The conclusion I derive from this is that discursive and formal scientific approaches to sound complement each other; neither is inherently superior to the other. One cannot do an ethnography of sound without describing what one’s interlocutors have to say about, in this case, the voice in the kind of devotional performances I analyze. However, entirely reducing sound to discourse is tantamount to not taking sound seriously as an independent modality of knowledge. Yet, as I said, the spectrograms and waveforms do not fully capture felt suggestions of movement from a phenomenological perspective. The lesson I draw from all of this is that one needs to work with several approaches to the sonic simultaneously.
SH: We’ve talked about the phenomenological framework that you have adopted, but I wonder whether scholarship in ethnomusicology like that of Kofi Agawu, Maud Karpeles, or Ida Halpern has informed your work as well. More generally, in what ways does your phenomenological point of departure coincide with or differ from the approaches of ethnomusicology and sound studies?
PE: My encounter with the analytic of atmospheres was the result of my return to a German academic environment some five years ago. This new phenomenology of atmospheres comes out of of more recent German philosophy, and I learned about it through the work of my wife, Birgit Abels, who is a musicologist. Beyond music studies, the paradigm of atmospheres had earlier made its way into geography and architecture, while anthropological engagement with the phenomenology of atmospheres is still in its beginnings. In Anglophone ethnomusicology the notion of atmosphere has barely been taken up so far, and in the one instance I am aware of it is too easily assimilated to the already established paradigm of Massumian affect. That said, I see work in North American ethnomusicology that draws on a Peircean framework, such as that of Thomas Turino and Kofi Agawu, as very much compatible with phenomenological approaches to atmospheres.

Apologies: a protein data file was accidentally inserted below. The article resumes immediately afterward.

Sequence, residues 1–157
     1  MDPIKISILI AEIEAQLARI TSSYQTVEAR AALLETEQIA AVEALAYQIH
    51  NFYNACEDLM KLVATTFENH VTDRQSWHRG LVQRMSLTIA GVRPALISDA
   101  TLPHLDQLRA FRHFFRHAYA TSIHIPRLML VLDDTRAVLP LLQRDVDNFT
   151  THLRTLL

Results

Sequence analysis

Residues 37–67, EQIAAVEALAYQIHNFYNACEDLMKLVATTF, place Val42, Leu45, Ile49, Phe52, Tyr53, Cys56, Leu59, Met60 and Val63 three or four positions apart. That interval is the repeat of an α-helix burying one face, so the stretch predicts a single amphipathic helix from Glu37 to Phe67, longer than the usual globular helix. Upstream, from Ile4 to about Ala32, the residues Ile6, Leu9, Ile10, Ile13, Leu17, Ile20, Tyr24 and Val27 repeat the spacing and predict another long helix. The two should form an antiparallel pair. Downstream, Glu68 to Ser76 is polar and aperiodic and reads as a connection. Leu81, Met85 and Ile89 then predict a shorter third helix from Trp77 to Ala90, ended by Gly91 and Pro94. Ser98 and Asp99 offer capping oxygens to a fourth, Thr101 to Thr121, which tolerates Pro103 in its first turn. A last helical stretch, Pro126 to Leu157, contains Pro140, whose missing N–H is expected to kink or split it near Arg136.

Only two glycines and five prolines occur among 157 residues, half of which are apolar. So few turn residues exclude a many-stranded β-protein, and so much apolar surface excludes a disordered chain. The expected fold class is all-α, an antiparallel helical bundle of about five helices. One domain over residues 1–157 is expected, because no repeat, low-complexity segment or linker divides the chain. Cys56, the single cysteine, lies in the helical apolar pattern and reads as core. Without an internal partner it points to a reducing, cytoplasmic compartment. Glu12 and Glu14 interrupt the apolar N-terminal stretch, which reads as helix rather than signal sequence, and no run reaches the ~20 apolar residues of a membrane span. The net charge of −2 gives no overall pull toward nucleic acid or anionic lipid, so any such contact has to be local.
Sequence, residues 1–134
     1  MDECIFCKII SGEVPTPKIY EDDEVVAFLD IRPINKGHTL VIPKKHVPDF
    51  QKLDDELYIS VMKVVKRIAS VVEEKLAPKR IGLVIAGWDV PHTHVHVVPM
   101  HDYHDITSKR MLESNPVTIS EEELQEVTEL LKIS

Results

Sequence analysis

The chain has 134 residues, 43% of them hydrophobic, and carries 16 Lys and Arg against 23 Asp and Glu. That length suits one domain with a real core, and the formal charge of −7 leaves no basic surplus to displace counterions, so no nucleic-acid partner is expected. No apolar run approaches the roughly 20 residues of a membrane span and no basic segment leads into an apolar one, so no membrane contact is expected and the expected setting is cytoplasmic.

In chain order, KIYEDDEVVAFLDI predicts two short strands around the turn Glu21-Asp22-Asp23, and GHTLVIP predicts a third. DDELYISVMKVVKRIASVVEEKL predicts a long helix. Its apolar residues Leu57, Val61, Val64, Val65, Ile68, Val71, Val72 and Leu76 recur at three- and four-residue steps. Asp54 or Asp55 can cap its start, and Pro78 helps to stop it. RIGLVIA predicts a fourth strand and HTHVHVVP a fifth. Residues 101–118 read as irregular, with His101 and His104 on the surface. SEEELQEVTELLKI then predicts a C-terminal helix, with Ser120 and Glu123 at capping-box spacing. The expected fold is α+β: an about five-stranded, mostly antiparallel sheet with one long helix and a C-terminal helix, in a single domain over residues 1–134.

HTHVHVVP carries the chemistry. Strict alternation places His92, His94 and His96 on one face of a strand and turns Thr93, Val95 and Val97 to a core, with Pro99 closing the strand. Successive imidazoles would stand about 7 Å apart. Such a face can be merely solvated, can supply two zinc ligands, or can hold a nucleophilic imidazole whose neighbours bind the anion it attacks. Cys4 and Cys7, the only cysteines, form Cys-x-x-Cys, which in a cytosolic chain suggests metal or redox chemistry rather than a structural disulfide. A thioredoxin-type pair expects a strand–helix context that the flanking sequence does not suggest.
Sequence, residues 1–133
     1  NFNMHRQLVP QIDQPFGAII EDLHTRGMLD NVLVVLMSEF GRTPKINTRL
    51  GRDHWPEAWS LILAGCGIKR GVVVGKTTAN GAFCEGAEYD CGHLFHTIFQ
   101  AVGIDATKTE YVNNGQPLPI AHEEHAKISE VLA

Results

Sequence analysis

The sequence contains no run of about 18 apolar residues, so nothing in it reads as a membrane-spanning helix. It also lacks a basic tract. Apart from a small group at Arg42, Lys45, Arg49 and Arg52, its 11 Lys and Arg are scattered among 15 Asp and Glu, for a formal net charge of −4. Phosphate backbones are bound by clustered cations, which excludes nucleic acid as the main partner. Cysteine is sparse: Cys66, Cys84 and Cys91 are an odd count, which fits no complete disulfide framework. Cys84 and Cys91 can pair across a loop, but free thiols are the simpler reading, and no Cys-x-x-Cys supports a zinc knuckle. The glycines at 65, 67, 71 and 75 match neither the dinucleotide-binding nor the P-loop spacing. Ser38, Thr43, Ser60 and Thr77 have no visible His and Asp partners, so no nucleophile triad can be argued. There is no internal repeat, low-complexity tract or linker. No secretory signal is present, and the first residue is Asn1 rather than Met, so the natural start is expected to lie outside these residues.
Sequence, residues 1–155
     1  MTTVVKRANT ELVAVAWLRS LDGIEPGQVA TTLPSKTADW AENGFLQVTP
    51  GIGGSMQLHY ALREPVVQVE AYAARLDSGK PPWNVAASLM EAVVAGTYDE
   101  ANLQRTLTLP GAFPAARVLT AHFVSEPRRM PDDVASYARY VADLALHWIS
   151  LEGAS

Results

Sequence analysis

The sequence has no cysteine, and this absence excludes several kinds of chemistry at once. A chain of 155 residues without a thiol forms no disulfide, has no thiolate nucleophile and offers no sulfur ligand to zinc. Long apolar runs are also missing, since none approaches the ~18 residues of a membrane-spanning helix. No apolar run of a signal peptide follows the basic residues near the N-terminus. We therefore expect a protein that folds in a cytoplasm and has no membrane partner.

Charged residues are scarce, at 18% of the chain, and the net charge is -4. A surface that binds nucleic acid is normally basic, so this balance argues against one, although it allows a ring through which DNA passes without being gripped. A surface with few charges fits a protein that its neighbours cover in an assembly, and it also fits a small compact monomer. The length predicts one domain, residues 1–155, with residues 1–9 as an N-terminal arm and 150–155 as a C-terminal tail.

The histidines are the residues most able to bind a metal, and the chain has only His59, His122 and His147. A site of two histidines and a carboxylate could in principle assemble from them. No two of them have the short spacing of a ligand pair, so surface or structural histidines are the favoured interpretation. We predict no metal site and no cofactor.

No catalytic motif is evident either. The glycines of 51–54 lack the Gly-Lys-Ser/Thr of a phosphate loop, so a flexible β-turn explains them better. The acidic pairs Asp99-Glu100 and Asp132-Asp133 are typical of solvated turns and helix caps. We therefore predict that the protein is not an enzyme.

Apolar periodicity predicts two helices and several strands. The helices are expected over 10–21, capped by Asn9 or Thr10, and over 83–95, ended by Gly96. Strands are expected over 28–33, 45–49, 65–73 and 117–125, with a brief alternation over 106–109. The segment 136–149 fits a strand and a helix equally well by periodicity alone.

SH: Finally, what other research projects are you currently working on, and are you planning to continue studying the human voice through mixed-media praxis?
PE: Besides a longstanding interest in the intersections of language, media practices, and temporality that I continue to pursue through my research in Mauritius and Mumbai, I am currently thinking about how my research on sonic atmospheres in religious settings can inform a broader anthropological approach to atmospheres. While this certainly implies going beyond the sonic, the study of the human voice is going to remain central to my work.